It’s that easy to promote your RSS feed to your website readers. Follow these steps and watch your subscriptions multiply.

RSS Feeds – Why Measure Your RSS Feeds

With any kind of advertising or marketing campaign, you measure the results. You analyse your web statistics. You should analyse your RSS feed results too. If you don’t measure the results, how do you know if what you’re doing is working or not?

There are three simple things you should be looking for when analysing your feed results and, if your results show people are unsubscribing, how to fix it!

Firstly, you need to know how many people are signed up, or subscribed to your feeds. Services such as Feedburner give you these figures. If you’re using Google AdSense you can find your subscriber figures there too. When you make an update, how many people have asked to be informed?

With that simple figure, you can use it against previous subscriber figures. If you’re just starting out, you can use it to monitor over time. Are the figures going up or down? Decreasing subscribers over a period of time are a cause for concern. That indicates there’s an issue. Check that the problem isn’t a technical one. Check you’re getting your own feed correctly. If not, and you’re using Feedburner, use its tools to analyse your feed for problems. If the feed is working correctly, then you must then look at likely reasons why people are choosing to leave your feed notifications and take steps to prevent it from continuing, It means your content is not attractive enough to keep your readers subscribed.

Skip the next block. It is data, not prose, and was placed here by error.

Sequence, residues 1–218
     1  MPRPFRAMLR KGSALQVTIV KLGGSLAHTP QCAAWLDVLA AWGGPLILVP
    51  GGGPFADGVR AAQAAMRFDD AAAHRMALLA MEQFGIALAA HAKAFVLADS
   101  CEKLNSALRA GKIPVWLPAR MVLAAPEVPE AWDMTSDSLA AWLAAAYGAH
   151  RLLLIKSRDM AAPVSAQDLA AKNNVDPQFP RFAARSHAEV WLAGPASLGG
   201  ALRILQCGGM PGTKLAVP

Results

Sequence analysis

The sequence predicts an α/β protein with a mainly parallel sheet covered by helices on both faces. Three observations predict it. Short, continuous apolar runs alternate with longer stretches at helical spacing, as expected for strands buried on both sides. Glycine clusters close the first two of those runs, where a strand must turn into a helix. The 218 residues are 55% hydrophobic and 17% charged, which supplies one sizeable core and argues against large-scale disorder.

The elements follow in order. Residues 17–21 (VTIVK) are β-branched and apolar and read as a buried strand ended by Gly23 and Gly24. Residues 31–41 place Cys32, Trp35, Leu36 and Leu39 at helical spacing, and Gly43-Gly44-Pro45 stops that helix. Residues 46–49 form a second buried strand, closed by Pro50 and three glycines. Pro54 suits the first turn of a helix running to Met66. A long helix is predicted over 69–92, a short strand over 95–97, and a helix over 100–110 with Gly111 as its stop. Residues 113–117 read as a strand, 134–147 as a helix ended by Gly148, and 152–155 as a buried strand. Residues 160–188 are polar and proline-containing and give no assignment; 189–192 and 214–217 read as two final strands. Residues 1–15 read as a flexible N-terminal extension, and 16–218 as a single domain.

Here are nine reasons people unsubscribe from your RSS feed and steps to stop the problem.

1. Your topic isn’t exactly what they want. Are you making it too broad or too focused? Have you changed your topic from what it was when they subscribed?

2. Is your quality still the same? If you’ve lost quality in your thoughts, you’ll drop off readers. Make sure you keep to the same standard, or improve!

3. Try adding more suggestions on how to do things. People like step-by-step instructions on every topic imaginable.